Disruptive innovations provide solutions with positive or negative consequences to complex problems in a manner that is more cost-effective and efficient (Chase & Pruitt, 2006). Unfortunately, not everybody embraces disruptive innovations. Such innovations challenge the usual way of doing things, resulting in resistance by stakeholders who would prefer to continue doing things as they’ve been done, even when the innovations represent more up-to-date and efficient solutions (Chase & Pruitt, 2006). This raises the question: can one then view the Doctor of Nursing Practice (DNP) as a “disruptive innovation”? My answer is yes! The DNP is a disruptive innovation because it makes the nurse practitioner an equal to and on par with other healthcare professions (medicine, pharmacy, and occupational and physical therapy) which require a practice or professional doctorate for entry level into their professions (Apold, 2007).
As mentioned earlier, there will be some acceptance and resistance to a disruptive innovation. Therefore, it should be no wonder that even among different nursing tracts and their professional organizations there are differing positions regarding the need for the DNP terminal degree as the entry level for advance practice nursing. For instance, the American Association of Nurse Practitioners (AANP) (2013) in their reviewed position statement supports the DNP terminal degree as the future entry level to advance practice. They reason that advance nursing practice is part of a small number of healthcare professions where master’s education not a doctorate remains the educational requirement for practitioners. The organization embraces and supports the DNP terminal degree partway into advance nursing practice. However, they assert that current nurse practitioner master’s education curriculum is equal to coursework completed by “other clinical doctoral programs” (AANP, 2013). AANP (2013) further cautions that master’s educated nurse practitioners should not be marginalized, as the nursing profession incorporates the DNP degree requirement for clinical practice (AANP, 2013).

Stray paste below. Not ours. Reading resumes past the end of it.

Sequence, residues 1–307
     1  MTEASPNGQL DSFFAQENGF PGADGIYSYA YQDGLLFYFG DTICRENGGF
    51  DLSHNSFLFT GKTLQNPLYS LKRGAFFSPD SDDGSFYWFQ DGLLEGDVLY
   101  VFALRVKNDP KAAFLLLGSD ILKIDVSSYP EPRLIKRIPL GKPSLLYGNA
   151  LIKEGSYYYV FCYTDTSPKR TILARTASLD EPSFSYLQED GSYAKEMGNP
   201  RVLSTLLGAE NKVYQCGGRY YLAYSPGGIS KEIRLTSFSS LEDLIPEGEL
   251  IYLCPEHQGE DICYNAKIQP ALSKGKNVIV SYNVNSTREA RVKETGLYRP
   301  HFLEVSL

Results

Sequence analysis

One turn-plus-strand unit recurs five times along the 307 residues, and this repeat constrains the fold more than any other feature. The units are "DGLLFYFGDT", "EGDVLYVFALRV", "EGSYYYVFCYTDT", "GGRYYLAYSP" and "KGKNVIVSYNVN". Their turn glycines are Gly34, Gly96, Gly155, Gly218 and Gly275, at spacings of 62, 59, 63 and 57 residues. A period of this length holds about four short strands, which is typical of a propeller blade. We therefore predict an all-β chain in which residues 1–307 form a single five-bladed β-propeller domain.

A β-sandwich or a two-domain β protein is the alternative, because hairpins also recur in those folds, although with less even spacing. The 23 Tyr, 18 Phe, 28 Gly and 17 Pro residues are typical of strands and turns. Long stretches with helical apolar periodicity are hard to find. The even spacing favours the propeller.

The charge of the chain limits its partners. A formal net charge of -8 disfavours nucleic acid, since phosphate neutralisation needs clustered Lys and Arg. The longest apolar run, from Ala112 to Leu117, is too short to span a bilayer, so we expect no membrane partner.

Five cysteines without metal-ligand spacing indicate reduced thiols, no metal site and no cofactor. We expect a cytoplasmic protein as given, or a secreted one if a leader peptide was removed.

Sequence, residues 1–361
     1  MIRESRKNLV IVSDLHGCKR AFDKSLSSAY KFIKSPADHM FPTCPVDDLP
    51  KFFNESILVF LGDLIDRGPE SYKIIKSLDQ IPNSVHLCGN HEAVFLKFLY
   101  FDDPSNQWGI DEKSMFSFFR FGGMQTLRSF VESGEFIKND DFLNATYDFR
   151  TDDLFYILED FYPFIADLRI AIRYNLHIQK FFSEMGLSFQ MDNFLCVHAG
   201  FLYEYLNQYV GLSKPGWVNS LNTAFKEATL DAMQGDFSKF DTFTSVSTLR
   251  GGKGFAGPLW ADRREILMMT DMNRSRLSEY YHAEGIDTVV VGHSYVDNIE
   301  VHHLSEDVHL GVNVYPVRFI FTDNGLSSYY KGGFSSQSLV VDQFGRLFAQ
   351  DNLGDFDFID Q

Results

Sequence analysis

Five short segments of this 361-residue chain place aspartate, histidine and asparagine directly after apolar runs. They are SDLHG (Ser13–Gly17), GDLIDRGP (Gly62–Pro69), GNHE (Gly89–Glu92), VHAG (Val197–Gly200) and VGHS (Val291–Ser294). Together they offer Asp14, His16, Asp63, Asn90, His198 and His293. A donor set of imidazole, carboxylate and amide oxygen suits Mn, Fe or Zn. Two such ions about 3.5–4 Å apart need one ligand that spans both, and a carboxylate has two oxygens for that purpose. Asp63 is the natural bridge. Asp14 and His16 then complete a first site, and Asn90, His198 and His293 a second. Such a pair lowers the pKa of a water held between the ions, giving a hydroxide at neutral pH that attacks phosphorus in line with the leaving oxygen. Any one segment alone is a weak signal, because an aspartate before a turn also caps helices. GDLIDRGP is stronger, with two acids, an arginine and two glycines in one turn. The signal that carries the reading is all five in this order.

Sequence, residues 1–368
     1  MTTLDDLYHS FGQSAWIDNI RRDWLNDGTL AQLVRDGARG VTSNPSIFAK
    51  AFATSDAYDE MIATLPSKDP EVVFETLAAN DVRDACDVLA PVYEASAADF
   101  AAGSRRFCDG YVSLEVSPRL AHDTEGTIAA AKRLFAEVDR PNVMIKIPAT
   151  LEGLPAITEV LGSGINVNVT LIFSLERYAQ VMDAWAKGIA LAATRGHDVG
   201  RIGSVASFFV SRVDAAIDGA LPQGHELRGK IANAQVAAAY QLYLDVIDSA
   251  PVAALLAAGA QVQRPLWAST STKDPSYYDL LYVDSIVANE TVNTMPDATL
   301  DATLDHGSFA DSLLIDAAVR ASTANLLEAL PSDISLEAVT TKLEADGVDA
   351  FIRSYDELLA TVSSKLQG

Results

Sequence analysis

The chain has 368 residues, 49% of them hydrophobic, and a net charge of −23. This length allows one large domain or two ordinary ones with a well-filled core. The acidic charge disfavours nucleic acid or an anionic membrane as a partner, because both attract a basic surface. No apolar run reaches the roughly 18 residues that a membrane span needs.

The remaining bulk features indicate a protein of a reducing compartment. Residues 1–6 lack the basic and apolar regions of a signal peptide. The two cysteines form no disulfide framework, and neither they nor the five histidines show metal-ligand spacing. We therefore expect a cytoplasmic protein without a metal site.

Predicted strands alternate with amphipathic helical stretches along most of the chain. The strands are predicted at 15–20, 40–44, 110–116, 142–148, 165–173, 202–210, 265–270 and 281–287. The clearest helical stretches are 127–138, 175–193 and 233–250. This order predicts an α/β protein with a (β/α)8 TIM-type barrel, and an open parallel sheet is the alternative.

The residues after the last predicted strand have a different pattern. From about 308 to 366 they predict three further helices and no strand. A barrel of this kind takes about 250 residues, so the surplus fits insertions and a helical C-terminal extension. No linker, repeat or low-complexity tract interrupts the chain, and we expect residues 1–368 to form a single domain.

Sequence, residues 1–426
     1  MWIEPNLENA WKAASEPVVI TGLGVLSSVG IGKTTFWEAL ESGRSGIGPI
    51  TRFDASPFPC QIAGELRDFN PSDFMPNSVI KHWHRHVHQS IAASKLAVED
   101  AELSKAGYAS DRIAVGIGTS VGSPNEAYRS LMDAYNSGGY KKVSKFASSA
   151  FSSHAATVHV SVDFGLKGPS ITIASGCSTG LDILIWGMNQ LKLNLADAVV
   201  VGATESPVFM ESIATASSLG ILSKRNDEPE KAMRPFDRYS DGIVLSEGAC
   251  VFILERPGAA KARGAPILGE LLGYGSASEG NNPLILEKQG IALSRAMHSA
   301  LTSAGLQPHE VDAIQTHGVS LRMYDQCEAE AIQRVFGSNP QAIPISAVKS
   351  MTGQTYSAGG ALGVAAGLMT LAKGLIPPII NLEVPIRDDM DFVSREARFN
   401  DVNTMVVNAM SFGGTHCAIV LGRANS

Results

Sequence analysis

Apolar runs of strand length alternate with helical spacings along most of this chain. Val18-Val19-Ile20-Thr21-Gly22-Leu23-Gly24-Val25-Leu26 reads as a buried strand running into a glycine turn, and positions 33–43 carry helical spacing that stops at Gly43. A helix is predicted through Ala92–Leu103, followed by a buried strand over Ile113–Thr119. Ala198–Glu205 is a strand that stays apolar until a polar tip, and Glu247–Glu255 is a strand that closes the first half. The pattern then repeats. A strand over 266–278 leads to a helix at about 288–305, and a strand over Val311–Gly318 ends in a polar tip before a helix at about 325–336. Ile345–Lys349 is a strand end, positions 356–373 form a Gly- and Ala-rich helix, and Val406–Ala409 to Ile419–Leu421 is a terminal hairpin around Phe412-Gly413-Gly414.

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On the other hand, the American College of Nurse-Midwives (ACNM) (2012), in their reviewed position statement, bluntly states that “ACNM does not support the requirement of the DNP for entry into the clinical midwifery practice.” In support of their stance, the ACNM (2012) explained that:

There are not enough supporting data to validate changing the entry level into midwifery from a master’s to DNP degree.
Data suggesting increased safety in practice midwifery as a result of additional coursework are lacking.
There is no projected future cost to the healthcare system, the individual pursuing the DNP degree, and educational institutions providing the degrees.
There will be a decrease in the number of women’s health and midwife providers in the workforce during this period of shortage if NPs have to spend more years receiving education.